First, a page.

Avoiding inadvertent IV injection of oral liquids - page 2

by NRSKarenRN Admin

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From ISMP Aug 23rd,2012 safety newsletter: Avoiding inadvertent IV injection of oral liquids... Read More


  1. 8
    Another issue with this is that the nurse administered medications that the patient refused. That's a big no no in my book. Patients have the right to refuse.
    Sadala, elkpark, nrsang97, and 5 others like this.
  2. 2
    Yes, so much wrong with that article! Or rather, the individual who did that. I really have no words, other than to say it's a little insulting that the supreme idiocy of one person should reflect so badly on the 99% of us who KNOW that you don't do that.
    nrsang97 and psu_213 like this.
  3. 0
    Quote from Mulan
    quote." In our March 12, 1997, issue we wrote about a nurse who administered oral medications intravenously to an 86-year-old patient. The nurse crushed and mixed together PAXIL (PARoxetine), potassium chloride solution, and a multivitamin tablet, and then administered the medications intravenously, after the patient refused the oral medications. The patient died 30 minutes later. " quote
    Avoiding inadvertent IV injection of oral liquids

    I can't believe anybody would be that stupid!
    Seriously! What an idiot!
  4. 2
    This is unbelievable. I attempted to write something else about this but deleted it five times. What can you possibly say about it?
    nrsang97 and Altra like this.
  5. 5
    I've been fighting this for a while at my job. We have a lot of NJ tubes. That the adapters are a luer lock connection. Which our oral syringes don't fit. To use an oral syringe, you have to have oral syringe hooked to an adapter, hooked to another adapter, which goes into NJ tube. That's right, TWO adapters. And I would say a good 2/3 of our nurses don't know that one of those adapters even exist, and those of us that know they exist have to go to an entirely different unit to get them. So often we're having to switch all the enteral meds out of the oral syringes they come in, put them in luer lock syringes, to hook them to the adapter that goes into the NJ tube.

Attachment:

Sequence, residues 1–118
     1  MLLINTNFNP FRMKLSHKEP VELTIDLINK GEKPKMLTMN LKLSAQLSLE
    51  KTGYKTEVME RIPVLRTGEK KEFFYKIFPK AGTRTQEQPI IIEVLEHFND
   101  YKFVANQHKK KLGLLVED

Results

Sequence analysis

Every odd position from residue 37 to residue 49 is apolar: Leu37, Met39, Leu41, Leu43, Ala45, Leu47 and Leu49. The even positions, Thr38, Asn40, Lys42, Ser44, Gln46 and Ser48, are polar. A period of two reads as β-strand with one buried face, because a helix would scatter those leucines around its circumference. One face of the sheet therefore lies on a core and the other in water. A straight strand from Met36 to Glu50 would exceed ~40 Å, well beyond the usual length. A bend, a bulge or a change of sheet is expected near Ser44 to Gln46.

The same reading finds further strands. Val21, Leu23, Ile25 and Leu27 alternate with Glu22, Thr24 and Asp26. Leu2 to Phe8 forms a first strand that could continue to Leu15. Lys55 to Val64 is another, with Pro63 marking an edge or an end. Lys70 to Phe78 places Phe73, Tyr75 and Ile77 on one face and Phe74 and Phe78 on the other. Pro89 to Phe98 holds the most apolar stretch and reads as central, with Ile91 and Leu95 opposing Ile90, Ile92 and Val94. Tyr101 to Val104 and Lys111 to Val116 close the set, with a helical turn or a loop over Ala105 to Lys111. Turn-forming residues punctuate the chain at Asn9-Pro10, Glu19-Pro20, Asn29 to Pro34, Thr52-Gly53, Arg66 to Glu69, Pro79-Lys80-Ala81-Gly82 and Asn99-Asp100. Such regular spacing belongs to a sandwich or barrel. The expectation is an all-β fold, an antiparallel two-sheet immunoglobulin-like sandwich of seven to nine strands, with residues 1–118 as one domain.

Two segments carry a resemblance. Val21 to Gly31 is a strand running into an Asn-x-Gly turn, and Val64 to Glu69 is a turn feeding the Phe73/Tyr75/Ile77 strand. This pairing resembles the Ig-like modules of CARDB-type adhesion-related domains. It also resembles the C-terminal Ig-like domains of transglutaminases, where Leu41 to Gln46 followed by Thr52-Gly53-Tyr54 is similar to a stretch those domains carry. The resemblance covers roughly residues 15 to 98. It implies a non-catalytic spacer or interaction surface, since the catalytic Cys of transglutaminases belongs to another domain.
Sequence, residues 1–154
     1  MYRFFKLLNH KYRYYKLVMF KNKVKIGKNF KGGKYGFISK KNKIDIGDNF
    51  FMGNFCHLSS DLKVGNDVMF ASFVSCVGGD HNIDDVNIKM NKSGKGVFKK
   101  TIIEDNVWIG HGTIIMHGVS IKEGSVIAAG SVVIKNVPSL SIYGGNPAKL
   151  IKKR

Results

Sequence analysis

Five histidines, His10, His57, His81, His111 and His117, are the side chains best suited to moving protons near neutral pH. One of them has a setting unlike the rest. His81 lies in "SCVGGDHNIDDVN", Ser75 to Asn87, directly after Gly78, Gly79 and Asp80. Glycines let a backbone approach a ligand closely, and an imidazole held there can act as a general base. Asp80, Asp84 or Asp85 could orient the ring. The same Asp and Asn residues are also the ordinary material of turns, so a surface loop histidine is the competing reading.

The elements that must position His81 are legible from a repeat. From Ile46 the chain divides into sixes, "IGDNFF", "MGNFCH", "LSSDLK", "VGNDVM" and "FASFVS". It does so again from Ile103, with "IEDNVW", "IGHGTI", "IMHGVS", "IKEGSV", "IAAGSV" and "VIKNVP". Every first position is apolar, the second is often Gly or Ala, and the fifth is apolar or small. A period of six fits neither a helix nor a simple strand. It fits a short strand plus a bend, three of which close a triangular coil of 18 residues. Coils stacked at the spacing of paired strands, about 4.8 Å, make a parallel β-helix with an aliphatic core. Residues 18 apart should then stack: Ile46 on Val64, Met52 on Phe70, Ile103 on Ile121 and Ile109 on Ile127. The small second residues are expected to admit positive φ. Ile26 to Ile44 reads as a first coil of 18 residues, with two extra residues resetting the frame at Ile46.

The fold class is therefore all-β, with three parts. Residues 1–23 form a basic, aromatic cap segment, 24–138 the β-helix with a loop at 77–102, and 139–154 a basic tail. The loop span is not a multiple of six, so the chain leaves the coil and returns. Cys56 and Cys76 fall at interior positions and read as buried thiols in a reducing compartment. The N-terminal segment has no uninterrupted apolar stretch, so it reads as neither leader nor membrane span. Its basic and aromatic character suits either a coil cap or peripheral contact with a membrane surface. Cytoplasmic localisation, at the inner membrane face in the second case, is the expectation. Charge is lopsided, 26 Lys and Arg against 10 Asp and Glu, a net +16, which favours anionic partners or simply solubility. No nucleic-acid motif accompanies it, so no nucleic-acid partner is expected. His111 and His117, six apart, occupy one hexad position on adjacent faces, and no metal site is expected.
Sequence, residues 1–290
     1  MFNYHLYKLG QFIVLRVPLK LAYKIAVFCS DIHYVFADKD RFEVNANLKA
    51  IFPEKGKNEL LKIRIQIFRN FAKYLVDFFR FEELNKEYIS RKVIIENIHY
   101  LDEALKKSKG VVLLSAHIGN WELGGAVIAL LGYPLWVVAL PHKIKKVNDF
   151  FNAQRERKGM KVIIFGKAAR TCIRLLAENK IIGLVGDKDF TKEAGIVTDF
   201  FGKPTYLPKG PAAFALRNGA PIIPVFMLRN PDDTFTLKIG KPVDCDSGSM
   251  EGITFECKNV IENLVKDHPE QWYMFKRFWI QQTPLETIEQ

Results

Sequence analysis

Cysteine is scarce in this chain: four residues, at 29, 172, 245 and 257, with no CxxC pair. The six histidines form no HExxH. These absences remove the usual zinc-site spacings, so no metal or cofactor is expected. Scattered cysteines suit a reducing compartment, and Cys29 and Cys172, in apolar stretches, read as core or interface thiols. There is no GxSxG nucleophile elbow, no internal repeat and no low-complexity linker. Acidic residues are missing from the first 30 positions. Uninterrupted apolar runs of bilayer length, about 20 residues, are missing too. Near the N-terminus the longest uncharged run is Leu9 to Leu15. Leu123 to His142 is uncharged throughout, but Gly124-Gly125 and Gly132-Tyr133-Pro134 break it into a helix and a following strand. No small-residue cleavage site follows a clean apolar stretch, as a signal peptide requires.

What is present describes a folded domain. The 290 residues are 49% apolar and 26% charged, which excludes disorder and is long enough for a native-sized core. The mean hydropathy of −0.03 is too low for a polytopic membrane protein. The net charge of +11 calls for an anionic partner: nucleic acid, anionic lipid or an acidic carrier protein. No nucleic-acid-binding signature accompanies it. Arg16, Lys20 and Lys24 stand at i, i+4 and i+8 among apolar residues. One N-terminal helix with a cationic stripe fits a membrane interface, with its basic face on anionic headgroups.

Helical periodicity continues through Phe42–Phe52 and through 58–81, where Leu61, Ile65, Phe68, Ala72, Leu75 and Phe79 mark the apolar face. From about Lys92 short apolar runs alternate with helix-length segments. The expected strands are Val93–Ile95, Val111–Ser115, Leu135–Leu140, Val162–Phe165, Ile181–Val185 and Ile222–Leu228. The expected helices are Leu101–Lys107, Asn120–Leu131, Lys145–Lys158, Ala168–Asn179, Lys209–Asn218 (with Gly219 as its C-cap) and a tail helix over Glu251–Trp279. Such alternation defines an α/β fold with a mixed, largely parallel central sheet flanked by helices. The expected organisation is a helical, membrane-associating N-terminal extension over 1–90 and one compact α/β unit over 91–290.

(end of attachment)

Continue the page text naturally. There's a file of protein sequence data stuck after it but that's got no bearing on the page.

Even for the most sanctimonious and careful nurse, how easy would it be to walk into a room with a handful of meds (because let's face it, if there's an NJ tube, it's highly likely they've got a MAR that's a few pages long)? All those meds are in luer lock syringes, both the ones going into the IV and the the ones going into the NJ tube. Family starts asking questions. Distracts nurse. Nurse grabs just ONE syringe and sends it the wrong route.

    That's all it takes, ONE MOMENT.

    I've been trying to get the freaking adapters on our floor for more than TWO YEARS now. The email has been responded to by the head honcho of safety acknowledging that I have a good point. And still, if I get a patient with an NJ tube, I'm making the trip across the hospital for the adapters so I can at least keep my enteral meds in an oral syringe and my IV meds in a luer lock syringe. And nobody else takes the time to do so. I have a feeling we're not going to get those little tiny pieces of plastic that can't be at all expensive until we kill a patient.